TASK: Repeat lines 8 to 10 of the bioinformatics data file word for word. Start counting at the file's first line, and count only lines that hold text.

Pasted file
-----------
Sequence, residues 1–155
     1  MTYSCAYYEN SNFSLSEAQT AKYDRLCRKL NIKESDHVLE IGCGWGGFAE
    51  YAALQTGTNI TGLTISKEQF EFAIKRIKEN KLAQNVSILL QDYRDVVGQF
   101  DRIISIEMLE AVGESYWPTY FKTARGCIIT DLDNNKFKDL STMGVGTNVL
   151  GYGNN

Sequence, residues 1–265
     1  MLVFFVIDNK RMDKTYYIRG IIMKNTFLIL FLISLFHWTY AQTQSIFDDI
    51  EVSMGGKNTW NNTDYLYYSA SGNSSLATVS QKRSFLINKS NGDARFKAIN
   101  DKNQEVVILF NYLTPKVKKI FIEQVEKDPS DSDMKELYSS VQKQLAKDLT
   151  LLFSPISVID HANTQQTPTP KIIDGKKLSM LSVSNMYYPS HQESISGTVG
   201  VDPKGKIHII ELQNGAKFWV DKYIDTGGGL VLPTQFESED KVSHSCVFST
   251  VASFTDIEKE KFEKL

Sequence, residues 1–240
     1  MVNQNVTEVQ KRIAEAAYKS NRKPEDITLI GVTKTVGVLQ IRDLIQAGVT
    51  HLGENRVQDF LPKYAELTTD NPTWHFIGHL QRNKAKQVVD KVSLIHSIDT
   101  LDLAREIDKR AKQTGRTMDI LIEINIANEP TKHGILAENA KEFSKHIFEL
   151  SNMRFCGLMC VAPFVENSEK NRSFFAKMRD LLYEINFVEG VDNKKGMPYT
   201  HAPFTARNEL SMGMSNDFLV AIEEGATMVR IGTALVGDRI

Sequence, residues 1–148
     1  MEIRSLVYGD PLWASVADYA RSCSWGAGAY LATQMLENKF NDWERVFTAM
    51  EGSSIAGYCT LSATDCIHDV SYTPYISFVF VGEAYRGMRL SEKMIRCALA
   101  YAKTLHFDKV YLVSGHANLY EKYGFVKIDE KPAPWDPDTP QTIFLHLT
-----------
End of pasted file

    51  EVSMGGKNTW NNTDYLYYSA SGNSSLATVS QKRSFLINKS NGDARFKAIN
   101  DKNQEVVILF NYLTPKVKKI FIEQVEKDPS DSDMKELYSS VQKQLAKDLT
   151  LLFSPISVID HANTQQTPTP KIIDGKKLSM LSVSNMYYPS HQESISGTVG